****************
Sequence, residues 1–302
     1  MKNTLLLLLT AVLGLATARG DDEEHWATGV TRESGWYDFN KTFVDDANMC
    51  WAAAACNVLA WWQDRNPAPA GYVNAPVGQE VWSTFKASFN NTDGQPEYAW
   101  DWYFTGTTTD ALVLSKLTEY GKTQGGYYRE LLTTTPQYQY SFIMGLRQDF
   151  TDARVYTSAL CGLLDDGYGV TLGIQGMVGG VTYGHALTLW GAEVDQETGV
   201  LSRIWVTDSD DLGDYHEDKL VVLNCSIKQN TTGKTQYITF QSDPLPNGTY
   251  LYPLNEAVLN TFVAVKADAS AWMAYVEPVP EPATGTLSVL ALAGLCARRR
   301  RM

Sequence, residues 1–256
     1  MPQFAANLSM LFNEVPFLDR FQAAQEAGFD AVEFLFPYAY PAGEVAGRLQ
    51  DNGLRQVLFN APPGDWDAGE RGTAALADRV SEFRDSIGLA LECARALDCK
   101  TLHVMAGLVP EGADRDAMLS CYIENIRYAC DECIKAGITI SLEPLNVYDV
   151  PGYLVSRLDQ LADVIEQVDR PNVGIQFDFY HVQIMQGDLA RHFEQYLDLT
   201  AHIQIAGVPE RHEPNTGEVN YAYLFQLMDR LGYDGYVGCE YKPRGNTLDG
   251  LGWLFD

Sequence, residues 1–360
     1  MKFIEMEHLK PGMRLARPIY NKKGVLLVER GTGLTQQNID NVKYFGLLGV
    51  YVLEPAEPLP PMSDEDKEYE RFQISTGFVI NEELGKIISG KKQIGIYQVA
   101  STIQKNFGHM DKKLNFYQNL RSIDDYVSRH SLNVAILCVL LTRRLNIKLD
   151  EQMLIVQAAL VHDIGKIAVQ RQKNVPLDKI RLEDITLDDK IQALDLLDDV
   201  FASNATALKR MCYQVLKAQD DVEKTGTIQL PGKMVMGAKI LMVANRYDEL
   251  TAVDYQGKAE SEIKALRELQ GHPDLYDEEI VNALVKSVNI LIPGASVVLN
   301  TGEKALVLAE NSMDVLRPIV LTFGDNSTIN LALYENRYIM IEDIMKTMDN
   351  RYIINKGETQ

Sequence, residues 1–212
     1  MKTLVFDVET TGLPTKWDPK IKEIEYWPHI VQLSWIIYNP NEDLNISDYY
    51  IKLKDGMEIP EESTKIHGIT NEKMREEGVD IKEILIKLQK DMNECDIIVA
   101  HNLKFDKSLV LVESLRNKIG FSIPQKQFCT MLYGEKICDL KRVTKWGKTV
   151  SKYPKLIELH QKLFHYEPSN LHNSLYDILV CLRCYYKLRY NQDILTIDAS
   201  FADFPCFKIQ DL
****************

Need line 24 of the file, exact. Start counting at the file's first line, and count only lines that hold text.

   351  RYIINKGETQ